WANADA’s longstanding efforts to provide auto technician education and training to ambitious career aspirants through member dealerships has benefitted significantly by financial gifts to WANADA’s Auto Dealer Education Institute (ADEI) emanating from a variety of philanthropic organizations. Over the past seven years, there have been 34 such gifting organizations, yielding as much as $87,000 per year on occasion, with 2019 returns on pace to hit a new annual record.
Besides any number of banks and foundation benefactors, local service clubs around the region, namely Rotary and Kiwanis, have contributed generously to ADEI, prompted in many cases by the dogged efforts of individual WANADA members who pushed the clubs and institutions they’re involved with to help support the institute.
Calling upon his considerable leadership and expertise from his earlier years as the director of the Boys and Girls Clubs of Metro Washington, WANADA’s Archie Avedisian has single-handedly lined up all of the philanthropic financial support, and has done so for many years. The most recent example was last month, where the Bethesda Women’s Club pledged funds to ADEI at one of their regular meetings, marking the occasion by hosting Mr. Avedisian and ADEI founder and former WANADA President and CEO Gerry Murphy to present the career training programs to BWC members.
“When philanthropic groups like the BWC hear how the dealers through ADEI inspire young men, and, in more recent years, young women into dealership careers, they’re surprised and impressed,” said Avedisian. “It’s totally a win/win situation for all concerned, especially the job recruits, who, in addition to getting dealership employment, receive ADEI education and training on a scholarship basis at community colleges like Montgomery College in Rockville,” he said.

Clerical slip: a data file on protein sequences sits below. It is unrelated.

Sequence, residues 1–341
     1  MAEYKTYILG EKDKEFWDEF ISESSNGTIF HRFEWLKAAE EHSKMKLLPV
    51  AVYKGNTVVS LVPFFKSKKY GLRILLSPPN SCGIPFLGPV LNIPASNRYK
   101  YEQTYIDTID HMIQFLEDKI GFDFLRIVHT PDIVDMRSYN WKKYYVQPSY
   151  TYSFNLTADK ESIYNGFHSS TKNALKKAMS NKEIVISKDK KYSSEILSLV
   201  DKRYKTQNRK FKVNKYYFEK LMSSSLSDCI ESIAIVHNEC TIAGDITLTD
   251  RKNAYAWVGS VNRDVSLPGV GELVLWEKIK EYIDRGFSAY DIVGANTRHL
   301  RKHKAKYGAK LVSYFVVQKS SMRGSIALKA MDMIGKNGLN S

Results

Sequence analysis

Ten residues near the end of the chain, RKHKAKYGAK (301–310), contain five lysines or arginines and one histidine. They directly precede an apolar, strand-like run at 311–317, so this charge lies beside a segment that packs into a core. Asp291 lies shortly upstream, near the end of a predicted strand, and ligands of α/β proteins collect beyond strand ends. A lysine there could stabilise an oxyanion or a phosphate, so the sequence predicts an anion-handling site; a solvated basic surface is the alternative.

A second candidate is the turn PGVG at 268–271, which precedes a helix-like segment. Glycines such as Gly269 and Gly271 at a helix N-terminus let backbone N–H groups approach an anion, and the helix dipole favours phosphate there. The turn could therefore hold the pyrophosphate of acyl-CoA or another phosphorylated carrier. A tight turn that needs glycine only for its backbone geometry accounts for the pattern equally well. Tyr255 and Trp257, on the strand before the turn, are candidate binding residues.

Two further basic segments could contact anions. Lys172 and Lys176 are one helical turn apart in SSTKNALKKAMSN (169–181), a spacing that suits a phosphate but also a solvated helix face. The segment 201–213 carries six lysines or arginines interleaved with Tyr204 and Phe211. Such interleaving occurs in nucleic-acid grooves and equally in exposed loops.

The inspiration for WANADA creating and implementing its ADEI was in direct response to the technician shortage crisis in the auto industry.
“WANADA was in a position to hit the tech shortage head on by auto technician training it first implemented years earlier through the public schools in Montgomery and Fairfax counties,” said Murphy. “From these high school programs came the college technician training, in conjunction with ASE Technician Certification, that ADEI successfully put in place subsequently,” he said.
Harold Redden of Fitzgerald Auto Malls, who chairs the ADEI Board of Directors, commended Steve Boden, who heads up the Auto Trades Foundation Program in the Montgomery County Public Schools for his leadership in taking ADEI’s tech training to the college level. “You simply don’t succeed with career programs at the college level without committed educators like Steve Boden leading the effort,” Redden said. “WANADA dealers, accordingly, support ADEI because of what it delivers: career education that successfully answers the challenge of where the next generation of auto techs will come from.”
For information on ADEI technician training and education, WANADA member dealers can contact Joe Koch at (202) 237-7200 or firstname.lastname@example.org.Download Bulletin PDF